Updated: Oct 7, 2020
Last week the South Carolina General Assembly passed an Electricity Market Reform Measures Study Committee. Introduced on January 15th of this year, it took seven versions for it to pass. The goal of the final bill though is simple: to study whether to recommend adoption of electricity reform measures and the potential public benefits with each of the measures.
The impetus of the energy market reform study is inextricably tied to the failure of a planned nuclear facility. In 2008, SCANA (renamed Dominion Energy South Carolina) and Santee Cooper, a South Carolina state owned utility, announced plans to add two nuclear reactors to the V.C. Summer Nuclear Station in Jenkinsville, SC. Westinghouse Electric Company oversaw the construction. The Public Service Commission of South Carolina approved the plan, construction began in 2012, and it was expected to be operational in 2016. Both SCANA and Santee Cooper were well aware of shortcomings, mismanagement, and lack of oversight that eventually made the reactors impossible to complete. By 2017, Westinghouse declared bankruptcy. In July 2017, SCANA notified the Nuclear Regulatory Commission (NRC) that it had stopped construction on the two new nuclear reactors. The decision was not surprising given the cost overruns and annual delays. Thanks to a 2007 South Carolina state law, utilities are allowed to pass on rate increases to customers for yet-to-be finished and even abandoned projects, which means residents in South Carolina are footing the bill for the $9 billion massive failed nuclear reactor program for the next 20 years. Making matters worse, Santee Cooper as noted above is a state-owned utility.
State leaders were incensed about the failure of the V.C. Summer plant especially given the fact that South Carolinians have been paying the country’s highest electricity bills— about $400 more than the U.S. average, according to U.S. Energy Information Administration (when considering the price of electricity and the consumption). In a state that has tenth highest poverty rate in the country (15.3% in 2019), lawmakers began to consider what to do about energy. Energy market reform seemed like an appropriate way to proceed.
South Carolina Energy Market Study
The study committee will evaluate several options for South Carolina including:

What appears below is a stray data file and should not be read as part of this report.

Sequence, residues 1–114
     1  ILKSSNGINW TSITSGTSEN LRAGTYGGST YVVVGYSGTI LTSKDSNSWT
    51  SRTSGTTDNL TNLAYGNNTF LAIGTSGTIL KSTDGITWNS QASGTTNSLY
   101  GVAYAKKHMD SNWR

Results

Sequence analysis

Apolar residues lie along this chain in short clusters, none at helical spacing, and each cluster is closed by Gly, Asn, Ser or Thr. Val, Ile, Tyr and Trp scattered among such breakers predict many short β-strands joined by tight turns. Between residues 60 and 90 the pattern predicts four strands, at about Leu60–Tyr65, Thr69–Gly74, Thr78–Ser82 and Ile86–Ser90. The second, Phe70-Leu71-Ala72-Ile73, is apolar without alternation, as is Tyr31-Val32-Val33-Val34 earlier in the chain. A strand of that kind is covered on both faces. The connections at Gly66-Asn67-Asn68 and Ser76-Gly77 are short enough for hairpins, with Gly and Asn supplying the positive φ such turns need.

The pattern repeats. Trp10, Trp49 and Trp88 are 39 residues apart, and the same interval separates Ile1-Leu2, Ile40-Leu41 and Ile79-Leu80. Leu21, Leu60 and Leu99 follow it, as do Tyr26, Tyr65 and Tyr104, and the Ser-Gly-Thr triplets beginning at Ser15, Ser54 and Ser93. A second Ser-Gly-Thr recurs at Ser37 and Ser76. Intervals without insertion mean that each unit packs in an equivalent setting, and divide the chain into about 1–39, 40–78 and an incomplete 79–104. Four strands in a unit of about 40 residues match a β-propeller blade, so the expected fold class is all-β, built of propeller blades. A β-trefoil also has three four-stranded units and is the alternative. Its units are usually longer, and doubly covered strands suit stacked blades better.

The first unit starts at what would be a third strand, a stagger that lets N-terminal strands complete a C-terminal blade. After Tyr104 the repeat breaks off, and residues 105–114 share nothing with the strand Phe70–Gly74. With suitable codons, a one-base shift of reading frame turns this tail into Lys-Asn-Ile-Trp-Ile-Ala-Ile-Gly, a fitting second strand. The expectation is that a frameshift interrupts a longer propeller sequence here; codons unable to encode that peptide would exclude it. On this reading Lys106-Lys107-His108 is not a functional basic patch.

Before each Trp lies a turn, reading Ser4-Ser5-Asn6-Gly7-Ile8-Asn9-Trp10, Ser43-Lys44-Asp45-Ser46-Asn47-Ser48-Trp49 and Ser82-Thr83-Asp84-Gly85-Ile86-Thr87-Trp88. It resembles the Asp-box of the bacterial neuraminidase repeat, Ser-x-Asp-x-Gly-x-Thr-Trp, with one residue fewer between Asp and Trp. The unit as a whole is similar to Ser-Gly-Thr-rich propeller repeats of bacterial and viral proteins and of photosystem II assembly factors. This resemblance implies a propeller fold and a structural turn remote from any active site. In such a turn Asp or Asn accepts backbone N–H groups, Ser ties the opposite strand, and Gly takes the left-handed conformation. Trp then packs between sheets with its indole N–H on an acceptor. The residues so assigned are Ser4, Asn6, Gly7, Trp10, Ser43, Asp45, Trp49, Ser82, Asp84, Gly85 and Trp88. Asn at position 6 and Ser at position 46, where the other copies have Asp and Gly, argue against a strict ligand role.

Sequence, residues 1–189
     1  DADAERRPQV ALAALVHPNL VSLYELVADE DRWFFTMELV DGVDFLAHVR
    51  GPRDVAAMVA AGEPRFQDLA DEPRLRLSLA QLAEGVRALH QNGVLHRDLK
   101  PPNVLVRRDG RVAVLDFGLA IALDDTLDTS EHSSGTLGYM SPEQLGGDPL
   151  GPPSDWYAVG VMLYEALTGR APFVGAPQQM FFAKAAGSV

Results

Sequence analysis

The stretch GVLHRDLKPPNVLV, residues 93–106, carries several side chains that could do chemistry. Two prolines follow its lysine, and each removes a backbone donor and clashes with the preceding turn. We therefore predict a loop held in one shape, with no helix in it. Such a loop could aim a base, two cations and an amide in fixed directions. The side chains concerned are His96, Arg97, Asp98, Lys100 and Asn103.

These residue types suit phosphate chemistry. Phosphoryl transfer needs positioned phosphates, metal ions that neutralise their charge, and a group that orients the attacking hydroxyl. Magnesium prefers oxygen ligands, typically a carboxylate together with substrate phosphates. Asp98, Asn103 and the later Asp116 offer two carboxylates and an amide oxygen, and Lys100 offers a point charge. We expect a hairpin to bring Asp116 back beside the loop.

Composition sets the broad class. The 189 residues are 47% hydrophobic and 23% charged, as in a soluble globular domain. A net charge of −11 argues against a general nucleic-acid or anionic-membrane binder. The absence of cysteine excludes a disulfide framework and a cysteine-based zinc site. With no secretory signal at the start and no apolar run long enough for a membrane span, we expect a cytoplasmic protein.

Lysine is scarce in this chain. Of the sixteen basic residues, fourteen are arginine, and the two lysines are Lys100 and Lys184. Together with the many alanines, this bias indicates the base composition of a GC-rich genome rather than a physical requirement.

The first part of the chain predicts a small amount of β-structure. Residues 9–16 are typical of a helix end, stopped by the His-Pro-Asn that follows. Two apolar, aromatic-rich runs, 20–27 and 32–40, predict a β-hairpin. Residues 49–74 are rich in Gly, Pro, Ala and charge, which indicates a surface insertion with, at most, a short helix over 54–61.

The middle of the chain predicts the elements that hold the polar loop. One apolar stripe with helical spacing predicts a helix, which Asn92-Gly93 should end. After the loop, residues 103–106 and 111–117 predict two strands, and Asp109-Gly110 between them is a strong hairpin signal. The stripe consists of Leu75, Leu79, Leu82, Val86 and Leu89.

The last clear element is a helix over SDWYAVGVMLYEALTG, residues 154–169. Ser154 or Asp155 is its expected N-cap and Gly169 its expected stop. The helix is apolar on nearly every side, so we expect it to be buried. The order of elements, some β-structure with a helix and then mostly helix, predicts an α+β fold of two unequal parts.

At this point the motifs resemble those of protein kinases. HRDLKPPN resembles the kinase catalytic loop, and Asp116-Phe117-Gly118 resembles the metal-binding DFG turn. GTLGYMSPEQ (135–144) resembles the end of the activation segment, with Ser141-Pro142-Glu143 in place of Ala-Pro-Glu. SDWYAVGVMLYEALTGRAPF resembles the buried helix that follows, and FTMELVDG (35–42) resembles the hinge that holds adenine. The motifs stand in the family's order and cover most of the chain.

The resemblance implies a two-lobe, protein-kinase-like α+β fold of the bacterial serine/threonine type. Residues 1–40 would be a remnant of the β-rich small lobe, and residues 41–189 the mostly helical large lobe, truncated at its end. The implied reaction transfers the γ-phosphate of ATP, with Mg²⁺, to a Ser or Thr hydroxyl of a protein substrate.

· whether the state should join an existing Regional Transmission Organization such as PJM;
· whether South Carolina should establish an energy imbalance market (i.e., a voluntary collection system operators in which real-time kilowatt-hours, not power plants, are bought and sold as needed.);
· whether vertically integrated electrical utilities should divest their generation or transmission assets, or both;
· whether there should be full or partial consumer retail electric service choice; and
· whether there should be community choice aggregation in South Carolina.
The study must include the costs and benefits to consumers and the financial and operational impacts to integrated service providers of any market reform measures recommended. The final report is due on November 1st of 2021.
What Will North Carolina Do?
Like many states, North Carolina thought about deregulation; in fact, in April 2000, a study commission unanimously recommended limited retail and wholesale competition. But the California blackout put everything on hold. However, that was 20 years ago.
What will North Carolina do now that South Carolina has a study? Since Duke Energy is in both states, it makes sense that the North Carolina General Assembly would authorize a similar study when it reconvenes for the Long Session in January 2021. While North Carolina doesn’t have a failed nuclear plant, an $8.5 billion bill to clean up coal ash is eerily similar.
Still several studies have been conducted showing that a large Southeast power market would make sense to lower prices and increase clean energy deployment.
Here are two:
· R Street, “Electricity Reform as a Free Market Climate Strategy”
No one denies that reforming an energy market is an easy task. But it makes no sense for our Southern neighbor to do it without us.
 Based on 2016 data. Average residential energy expenditures for 2016: SC $1,753, Alabama $1,757, Connecticut $1,706, Maryland, $1,665, and Hawaii, $1,665. When it comes to overall electricity usage, South Carolina has the sixth highest usage per customer.